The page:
The proposed development is estimated to cost $200 million and in my opinion low, is to consist of many of the things people have been wanting for years.  Public access to the water, walking trails. shops, restaurants/bars, outdoor living spaces to sit and eat, better docking and marina services for boaters, a hotel and special events space and underground parking among other things.  Reviewing the proposal in detail shows there are plans for a fitness and wellness centre, even ziplines, rock climbing walls inside the terminal’s large concrete bins, a platform to swim from, winter skating and a lookout point to gaze out at Georgian Bay.

In reading the online comments both good and bad there are some negative points that may well kill this project before it even gets off the ground.    People are complaining about the condominium structure at the far east end of the Terminal building that will soar 24 stories.  Among the comments: “It’s too large, ugly, hideous, a monstrosity, too high, not heritage enough, etc. etc.  Among the online comments a questions was asked, “where will people part?”  Read the report and view the presentation.

Yes the proposal includes condominiums the latter of which seem to be the main source of criticism.  More condominiums in Collingwood may not be to your liking but if this project is going to have any hope at all of moving forward it has to be financially viable for the developers and that may well mean a 20 or 24 storey condominium component.  Surely the developers did some preliminary cost studies in preparing their presentation.

Based on my experience I feel the $200 million price tag is low.  As of today there are too many unknowns.  What is the condition of the 4,000 wood pilings under the Terminal that I mentioned above?  Do they need and or can they be replaced or shored up and at what cost?Given that Millennial Park was primarily constructed via backfilling the harbour, can underground parking be accomplished on the site and at what cost?  Will the current structure support a multi-storey condo component etc. etc.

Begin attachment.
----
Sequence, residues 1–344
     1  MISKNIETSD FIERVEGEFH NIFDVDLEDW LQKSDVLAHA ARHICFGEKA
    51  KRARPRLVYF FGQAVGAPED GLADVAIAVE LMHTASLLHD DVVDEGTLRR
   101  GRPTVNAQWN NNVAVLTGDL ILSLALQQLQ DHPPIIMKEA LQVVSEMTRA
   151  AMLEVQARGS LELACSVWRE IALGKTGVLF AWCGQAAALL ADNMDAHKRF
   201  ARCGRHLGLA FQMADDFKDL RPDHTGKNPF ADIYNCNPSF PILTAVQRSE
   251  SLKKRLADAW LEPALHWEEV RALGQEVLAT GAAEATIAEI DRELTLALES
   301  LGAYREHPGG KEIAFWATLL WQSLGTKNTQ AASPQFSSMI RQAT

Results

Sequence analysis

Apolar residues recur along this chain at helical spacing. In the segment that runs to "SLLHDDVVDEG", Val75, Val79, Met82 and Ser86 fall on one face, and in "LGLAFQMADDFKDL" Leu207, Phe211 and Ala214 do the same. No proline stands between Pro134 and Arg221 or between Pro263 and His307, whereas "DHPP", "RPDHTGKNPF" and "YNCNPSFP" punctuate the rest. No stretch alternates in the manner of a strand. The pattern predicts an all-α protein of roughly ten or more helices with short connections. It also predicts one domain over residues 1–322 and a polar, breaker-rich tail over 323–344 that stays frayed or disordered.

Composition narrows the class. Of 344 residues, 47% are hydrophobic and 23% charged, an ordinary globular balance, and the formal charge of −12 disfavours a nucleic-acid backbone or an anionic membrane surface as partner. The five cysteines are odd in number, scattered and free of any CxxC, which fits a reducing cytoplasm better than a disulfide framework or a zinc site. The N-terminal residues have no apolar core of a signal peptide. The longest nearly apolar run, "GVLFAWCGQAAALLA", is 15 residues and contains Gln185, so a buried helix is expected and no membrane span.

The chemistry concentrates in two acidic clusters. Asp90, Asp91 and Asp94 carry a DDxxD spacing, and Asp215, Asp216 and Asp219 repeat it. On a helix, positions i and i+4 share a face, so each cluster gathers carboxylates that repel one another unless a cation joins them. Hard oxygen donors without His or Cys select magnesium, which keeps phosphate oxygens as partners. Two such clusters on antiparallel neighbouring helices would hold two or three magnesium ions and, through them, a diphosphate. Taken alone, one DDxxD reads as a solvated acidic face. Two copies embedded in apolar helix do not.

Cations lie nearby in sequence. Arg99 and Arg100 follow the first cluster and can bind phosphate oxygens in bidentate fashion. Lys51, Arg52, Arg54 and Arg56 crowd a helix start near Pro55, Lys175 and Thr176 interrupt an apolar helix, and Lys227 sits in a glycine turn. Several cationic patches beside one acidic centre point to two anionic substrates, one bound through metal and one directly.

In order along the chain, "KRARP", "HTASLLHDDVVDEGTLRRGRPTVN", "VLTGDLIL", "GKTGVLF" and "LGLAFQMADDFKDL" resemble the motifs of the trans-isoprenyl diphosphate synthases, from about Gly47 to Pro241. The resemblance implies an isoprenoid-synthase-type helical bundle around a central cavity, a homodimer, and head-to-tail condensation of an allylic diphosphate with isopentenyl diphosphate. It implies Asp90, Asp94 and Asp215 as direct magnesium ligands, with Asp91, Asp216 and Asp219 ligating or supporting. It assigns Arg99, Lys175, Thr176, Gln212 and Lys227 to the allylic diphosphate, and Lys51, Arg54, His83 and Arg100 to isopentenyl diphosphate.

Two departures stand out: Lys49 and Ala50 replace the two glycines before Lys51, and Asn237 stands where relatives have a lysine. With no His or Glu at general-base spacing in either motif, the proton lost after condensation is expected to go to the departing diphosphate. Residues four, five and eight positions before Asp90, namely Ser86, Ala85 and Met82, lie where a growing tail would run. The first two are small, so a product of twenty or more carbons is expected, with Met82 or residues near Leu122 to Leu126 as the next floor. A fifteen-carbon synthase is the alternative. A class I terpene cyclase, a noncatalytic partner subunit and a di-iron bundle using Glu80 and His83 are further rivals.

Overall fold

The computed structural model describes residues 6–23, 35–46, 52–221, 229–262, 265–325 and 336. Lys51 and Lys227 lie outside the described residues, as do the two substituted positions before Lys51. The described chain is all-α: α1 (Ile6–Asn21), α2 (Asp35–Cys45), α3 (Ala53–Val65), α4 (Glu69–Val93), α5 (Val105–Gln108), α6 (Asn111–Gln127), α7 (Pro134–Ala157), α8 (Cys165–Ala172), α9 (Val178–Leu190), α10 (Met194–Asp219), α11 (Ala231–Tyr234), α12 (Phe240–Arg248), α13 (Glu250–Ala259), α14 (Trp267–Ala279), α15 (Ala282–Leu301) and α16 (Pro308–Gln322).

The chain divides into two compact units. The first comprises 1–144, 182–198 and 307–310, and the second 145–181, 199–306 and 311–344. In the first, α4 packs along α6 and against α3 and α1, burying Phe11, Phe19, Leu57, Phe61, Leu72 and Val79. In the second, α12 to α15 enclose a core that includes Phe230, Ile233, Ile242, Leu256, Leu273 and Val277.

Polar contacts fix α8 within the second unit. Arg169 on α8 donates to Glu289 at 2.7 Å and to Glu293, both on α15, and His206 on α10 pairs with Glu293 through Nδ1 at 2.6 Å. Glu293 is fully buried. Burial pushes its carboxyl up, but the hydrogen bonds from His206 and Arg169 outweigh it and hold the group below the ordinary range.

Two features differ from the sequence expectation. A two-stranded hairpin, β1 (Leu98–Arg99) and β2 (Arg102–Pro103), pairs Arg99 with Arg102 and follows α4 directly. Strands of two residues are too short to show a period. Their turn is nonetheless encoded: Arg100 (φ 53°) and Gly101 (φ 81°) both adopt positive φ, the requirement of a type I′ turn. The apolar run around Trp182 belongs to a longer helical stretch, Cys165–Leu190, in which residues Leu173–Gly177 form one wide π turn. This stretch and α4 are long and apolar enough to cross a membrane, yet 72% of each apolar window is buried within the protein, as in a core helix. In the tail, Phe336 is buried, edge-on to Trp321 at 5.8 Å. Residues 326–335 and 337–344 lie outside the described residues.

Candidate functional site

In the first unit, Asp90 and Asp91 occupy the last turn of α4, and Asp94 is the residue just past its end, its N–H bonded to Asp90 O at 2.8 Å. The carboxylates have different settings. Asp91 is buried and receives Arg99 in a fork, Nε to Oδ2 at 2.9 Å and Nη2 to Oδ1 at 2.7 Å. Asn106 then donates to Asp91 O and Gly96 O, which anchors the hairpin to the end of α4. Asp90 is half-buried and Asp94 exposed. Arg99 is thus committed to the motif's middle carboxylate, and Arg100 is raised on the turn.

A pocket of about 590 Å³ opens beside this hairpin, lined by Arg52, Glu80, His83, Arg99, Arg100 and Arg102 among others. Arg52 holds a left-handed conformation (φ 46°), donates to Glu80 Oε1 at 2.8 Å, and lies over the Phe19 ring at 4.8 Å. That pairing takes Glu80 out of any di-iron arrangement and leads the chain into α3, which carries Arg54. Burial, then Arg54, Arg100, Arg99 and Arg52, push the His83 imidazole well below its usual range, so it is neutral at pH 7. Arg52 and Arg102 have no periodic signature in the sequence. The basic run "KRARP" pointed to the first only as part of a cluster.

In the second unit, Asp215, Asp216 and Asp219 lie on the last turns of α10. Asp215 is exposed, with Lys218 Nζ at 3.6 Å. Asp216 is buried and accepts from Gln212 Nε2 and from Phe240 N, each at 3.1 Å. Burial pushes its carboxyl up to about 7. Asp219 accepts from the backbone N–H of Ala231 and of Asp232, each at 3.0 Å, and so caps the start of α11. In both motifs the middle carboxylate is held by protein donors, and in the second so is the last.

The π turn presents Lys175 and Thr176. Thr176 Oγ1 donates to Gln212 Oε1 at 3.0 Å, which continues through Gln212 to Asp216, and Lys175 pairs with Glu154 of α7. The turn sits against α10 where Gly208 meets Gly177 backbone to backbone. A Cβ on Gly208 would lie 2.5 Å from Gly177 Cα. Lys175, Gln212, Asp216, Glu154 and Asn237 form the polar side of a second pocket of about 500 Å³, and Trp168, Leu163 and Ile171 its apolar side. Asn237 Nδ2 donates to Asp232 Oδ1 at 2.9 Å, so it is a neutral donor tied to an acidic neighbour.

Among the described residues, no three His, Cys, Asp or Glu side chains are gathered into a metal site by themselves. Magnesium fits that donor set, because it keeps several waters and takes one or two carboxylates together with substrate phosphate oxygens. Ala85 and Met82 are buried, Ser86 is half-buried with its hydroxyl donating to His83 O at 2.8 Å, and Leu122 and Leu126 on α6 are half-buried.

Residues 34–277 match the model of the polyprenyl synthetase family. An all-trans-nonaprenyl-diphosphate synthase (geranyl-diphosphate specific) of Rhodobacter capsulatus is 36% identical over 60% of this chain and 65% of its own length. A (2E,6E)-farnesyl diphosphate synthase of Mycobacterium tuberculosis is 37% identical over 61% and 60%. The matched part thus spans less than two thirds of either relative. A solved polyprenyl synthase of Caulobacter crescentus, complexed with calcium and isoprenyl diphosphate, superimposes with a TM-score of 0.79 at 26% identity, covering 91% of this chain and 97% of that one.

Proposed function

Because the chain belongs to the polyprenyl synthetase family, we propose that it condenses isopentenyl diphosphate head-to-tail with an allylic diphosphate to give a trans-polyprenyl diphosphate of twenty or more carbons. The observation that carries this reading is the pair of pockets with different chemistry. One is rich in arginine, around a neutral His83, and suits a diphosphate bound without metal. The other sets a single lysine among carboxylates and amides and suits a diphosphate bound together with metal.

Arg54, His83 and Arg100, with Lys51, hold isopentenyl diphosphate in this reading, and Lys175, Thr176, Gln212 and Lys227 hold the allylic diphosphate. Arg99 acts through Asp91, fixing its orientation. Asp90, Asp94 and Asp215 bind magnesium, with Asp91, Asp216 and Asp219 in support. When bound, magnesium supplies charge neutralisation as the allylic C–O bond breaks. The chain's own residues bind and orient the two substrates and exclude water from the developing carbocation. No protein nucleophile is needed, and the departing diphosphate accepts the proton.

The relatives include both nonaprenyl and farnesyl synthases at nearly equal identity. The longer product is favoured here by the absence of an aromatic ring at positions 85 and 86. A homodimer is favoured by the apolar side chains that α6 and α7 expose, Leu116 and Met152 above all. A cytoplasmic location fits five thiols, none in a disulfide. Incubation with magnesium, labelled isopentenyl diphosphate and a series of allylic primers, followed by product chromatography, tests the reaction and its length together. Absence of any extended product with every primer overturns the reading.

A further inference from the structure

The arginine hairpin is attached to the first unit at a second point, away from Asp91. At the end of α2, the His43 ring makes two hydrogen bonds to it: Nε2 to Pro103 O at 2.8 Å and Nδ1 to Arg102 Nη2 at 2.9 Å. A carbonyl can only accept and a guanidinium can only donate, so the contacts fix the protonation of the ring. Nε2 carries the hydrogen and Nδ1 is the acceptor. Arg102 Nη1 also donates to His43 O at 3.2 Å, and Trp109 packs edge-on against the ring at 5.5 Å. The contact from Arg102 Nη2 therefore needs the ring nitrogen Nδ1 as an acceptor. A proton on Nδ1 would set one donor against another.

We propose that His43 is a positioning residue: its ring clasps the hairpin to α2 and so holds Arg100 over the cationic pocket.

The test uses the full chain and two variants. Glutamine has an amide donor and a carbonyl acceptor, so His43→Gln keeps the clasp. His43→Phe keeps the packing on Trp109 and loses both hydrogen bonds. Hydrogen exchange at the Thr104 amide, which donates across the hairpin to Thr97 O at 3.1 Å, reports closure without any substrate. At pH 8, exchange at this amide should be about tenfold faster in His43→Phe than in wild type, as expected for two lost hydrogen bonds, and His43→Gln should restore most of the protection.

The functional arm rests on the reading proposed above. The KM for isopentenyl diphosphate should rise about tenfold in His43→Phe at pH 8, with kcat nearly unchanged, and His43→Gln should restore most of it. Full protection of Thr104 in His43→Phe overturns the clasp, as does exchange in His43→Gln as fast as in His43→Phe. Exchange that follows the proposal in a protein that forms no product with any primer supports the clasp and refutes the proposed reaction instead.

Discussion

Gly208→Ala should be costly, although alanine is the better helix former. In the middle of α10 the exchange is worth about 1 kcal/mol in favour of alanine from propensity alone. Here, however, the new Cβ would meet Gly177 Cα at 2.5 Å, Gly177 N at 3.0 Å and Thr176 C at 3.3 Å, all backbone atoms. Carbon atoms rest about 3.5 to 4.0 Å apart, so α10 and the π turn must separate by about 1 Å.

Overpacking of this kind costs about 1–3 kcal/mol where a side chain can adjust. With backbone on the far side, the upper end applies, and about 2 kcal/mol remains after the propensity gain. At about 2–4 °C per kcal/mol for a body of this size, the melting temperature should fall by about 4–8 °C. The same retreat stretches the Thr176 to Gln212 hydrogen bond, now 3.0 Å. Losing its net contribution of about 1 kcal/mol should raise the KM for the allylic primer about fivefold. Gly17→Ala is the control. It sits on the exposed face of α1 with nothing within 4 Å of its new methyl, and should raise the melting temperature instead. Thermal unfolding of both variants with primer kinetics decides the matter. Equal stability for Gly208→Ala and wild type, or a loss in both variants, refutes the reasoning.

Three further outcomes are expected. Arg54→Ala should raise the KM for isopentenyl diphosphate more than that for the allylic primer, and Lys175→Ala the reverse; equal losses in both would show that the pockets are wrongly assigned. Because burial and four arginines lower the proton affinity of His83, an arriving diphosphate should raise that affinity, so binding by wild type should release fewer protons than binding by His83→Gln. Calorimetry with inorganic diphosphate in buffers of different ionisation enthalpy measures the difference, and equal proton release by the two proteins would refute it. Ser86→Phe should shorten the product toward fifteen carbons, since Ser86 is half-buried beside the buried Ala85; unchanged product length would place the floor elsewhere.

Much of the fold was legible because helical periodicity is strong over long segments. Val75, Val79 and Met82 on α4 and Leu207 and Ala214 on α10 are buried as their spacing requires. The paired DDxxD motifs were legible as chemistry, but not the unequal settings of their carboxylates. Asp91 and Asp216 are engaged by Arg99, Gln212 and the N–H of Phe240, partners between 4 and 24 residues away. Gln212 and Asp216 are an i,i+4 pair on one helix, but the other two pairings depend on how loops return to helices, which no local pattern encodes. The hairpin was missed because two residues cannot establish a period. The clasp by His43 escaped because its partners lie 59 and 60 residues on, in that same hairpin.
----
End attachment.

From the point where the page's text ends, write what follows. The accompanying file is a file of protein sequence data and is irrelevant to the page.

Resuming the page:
Both the Town and the developers are going to be looking for public input into this proposal and that’s great.  At the same time if there is a significant amount of backlash and or negative criticism from the public as to the look, height and any other aspects of the proposal or if the heritage preservation interests  get too aggressive, I suspect this long awaited project will be dead in the water.

Personally, I believe as do I suspects others, that in terms of what we envisioned for Collingwood’s waterfront thirty-seven years ago when the Shipyards closed, “that ship has sailed.”  What this or any other developer is or may propose will never be 100% to our satisfaction.  It’s time to be thankful that someone with “vision” has come forth with an idea that meets and provides many of the waterfront amenities we have been wanting.

There’s an old saying made by a John Lydgate: “You can please some of the people all of the time, you can please all of the people some of the time, but you can’t please all of the people all of the time.”

When the time comes for people to provide some input into what they’d like to see happen with the Terminal I encourage you to do so but be reasonable. We are long past what we’d like to see done with Collingwood’s waterfront and time is running out for the 94 year old Terminals.  The Town has attracted a developer with the vision and the willingness to spend $200+ million of their own money to build what would be a showpiece on the Great Lakes.  If there is too much negative comment from the public the developer may simply move on with the only alternative being to spend $5 million of taxpayer’s money and tear the building down.